'Healthy foods' you thought were good for you — but aren't actually
Like most people, we try to eat somewhat healthy, or at least we think about eating a salad the next time we tuck into takeout. But there are some foods that we can count on to be good for us, like leafy greens, fish, and grapefruit, that Instagram-friendly breakfast that’s basically shorthand for “Look how healthy I am.” Really though, that’s all there is to it — know what you’re eating, be smart about your eating choices, and as a general rule of thumb, don’t eat an entire bakery case/pizzeria at once.
Well, we hate to break it to you, but as science delves closer at some of our favorite healthy foods and the way they affect human bodies, there’s evidence to suggest that we have much to learn about both what the former means and how the latter plays out. The discussions around these foods are far from the Diet Coke debate — these are verifiably capital-H Healthy food, except, y’know, maybe actually not. Now, let’s tuck into it:
Grapefruit and orange juice are not the perfect way to start mornings
How many people suggest eating half a grapefruit for breakfast as an easy, super healthy way to begin the day? How many people drink orange juice on the regular? The answers for both are easily in the millions, but a new study has linked the high consumption of two of our most popular citrus fruits with a higher risk of developing skin cancer. The study, published in the Journal of Clinical Oncology, found that consuming 1.6 portions of citrus fruit daily (with a portion consisting of an orange, half a grapefruit, or a 6 oz glass of either’s juice) increases someone’s risk of a melanoma by 36%. Though researchers stress for people not to freak out, maybe up your sun protection anyway.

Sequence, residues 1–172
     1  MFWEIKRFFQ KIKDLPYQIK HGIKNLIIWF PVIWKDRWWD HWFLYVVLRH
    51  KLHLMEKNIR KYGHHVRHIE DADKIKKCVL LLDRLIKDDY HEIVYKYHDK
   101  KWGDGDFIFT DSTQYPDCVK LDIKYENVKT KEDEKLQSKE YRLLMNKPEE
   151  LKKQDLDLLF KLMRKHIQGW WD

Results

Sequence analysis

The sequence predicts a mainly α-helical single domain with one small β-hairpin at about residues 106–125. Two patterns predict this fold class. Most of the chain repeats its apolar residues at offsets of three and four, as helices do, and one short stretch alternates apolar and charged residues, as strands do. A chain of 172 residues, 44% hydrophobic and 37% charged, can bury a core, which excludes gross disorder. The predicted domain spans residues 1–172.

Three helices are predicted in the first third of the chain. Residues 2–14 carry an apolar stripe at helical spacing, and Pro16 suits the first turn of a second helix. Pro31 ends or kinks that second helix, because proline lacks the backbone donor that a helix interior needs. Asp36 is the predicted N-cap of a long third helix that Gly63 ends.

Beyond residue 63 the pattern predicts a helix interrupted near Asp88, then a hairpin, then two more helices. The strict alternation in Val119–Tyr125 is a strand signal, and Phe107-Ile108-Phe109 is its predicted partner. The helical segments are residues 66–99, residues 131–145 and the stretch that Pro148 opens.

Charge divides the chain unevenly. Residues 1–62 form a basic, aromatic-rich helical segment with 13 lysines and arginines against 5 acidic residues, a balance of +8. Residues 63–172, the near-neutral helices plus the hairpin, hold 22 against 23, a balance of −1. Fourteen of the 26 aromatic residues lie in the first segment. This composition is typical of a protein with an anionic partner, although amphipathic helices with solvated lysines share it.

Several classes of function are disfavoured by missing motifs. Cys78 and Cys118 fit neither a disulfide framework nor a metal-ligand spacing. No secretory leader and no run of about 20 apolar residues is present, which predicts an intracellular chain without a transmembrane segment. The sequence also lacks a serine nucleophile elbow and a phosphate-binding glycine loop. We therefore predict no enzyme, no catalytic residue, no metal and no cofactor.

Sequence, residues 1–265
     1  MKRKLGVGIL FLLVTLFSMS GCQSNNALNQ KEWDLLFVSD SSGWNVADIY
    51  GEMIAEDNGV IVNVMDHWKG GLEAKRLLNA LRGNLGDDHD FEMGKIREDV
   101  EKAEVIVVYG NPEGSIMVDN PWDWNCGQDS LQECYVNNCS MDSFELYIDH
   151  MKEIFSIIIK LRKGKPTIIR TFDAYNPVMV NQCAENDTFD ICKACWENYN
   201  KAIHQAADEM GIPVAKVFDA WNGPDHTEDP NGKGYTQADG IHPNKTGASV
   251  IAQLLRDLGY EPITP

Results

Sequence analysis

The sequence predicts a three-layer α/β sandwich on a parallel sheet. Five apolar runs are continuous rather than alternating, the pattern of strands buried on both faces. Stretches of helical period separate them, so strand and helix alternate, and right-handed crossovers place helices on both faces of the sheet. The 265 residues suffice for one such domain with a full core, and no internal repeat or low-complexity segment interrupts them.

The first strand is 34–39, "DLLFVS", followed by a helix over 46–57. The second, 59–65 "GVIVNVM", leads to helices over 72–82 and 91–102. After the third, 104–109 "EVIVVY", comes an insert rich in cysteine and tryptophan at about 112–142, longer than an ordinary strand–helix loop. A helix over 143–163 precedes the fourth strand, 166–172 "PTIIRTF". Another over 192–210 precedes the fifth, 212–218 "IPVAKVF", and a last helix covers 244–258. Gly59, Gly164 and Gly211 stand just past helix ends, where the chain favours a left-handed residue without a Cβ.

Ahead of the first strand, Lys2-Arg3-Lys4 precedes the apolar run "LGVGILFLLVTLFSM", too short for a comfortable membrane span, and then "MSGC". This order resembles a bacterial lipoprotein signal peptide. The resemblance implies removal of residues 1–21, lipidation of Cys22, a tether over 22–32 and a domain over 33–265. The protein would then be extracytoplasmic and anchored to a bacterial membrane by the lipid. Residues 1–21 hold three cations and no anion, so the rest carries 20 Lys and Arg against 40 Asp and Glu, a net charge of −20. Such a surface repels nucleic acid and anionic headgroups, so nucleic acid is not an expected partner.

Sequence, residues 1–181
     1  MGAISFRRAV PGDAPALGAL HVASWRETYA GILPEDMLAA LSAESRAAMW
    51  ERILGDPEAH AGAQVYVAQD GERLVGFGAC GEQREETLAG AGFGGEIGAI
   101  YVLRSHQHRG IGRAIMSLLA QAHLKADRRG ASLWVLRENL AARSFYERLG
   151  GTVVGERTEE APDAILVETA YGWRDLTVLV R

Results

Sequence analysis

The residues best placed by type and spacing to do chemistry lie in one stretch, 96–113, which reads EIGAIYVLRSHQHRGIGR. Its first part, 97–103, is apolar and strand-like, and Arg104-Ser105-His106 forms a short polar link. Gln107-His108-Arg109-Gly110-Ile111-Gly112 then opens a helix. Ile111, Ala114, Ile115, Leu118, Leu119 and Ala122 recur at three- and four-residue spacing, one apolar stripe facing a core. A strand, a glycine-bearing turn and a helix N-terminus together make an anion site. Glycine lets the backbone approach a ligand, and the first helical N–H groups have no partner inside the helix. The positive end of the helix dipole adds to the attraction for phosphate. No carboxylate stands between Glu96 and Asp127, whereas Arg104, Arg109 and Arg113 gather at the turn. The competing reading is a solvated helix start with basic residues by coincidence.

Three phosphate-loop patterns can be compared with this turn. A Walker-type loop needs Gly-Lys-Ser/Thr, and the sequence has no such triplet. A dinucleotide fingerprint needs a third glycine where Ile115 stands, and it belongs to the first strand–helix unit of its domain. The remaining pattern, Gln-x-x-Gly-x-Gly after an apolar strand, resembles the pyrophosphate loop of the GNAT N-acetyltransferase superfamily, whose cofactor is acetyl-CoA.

Salad are not the end all, be all of healthiness
Ahh, all that crunchy lettuce and spinach and cucumbers and tomatoes and all-around quality goodness! Except, well, you might start feeling really hungry again, really fast. That’s because the leafy greens that form the meat (heh) of salads are generally composed of 90% water, meaning that you’re not actually getting that much nutrition from the servings. (A problem solved by, well, cooking your greens.) Also, there’s the whole salad dressing/salad contents debate, which can add up to as many calories as a lean burger.
Some multi-grain breads = meh on healthiness
We all know by now that white bread is terrible for you, but that’s why whole-grain bread is the best. After all, anything with whole chunks of uh, grains(?), means it’s super rustic and wholesome and thus great for you, right? Mm, maybe not: The current wave of whole-grain products isn’t regulated in terms of how much of their food content is actually whole-grain, and often don’t contain much of the fiber they’re supposed to bring to the table. Remember: Always read the label and actually look through nutrition information.
Flavored soy milk is like sugar milk
Soy milk in general? Not a problem (unless you count for its environmental impact, but that’s not this article). But adding flavors like vanilla and chocolate to soy milk just ups the sugar content, which is the same issue as many fruit juices, smoothies, energy drinks, and of course our good/bad friend soda. Stick with the regular kind and eat chocolate (in moderation) in your own time.
Margarine not better than butter
Everybody knows that margarine is better than butter, except that’s not true. Though it’s oftentimes billed as healthier, margarine has way more trans fat than its counterpart, which lowers good cholesterol and ups bad cholesterol. Skip it, and go instead for the whipped real thing.
(Images via Shutterstock.)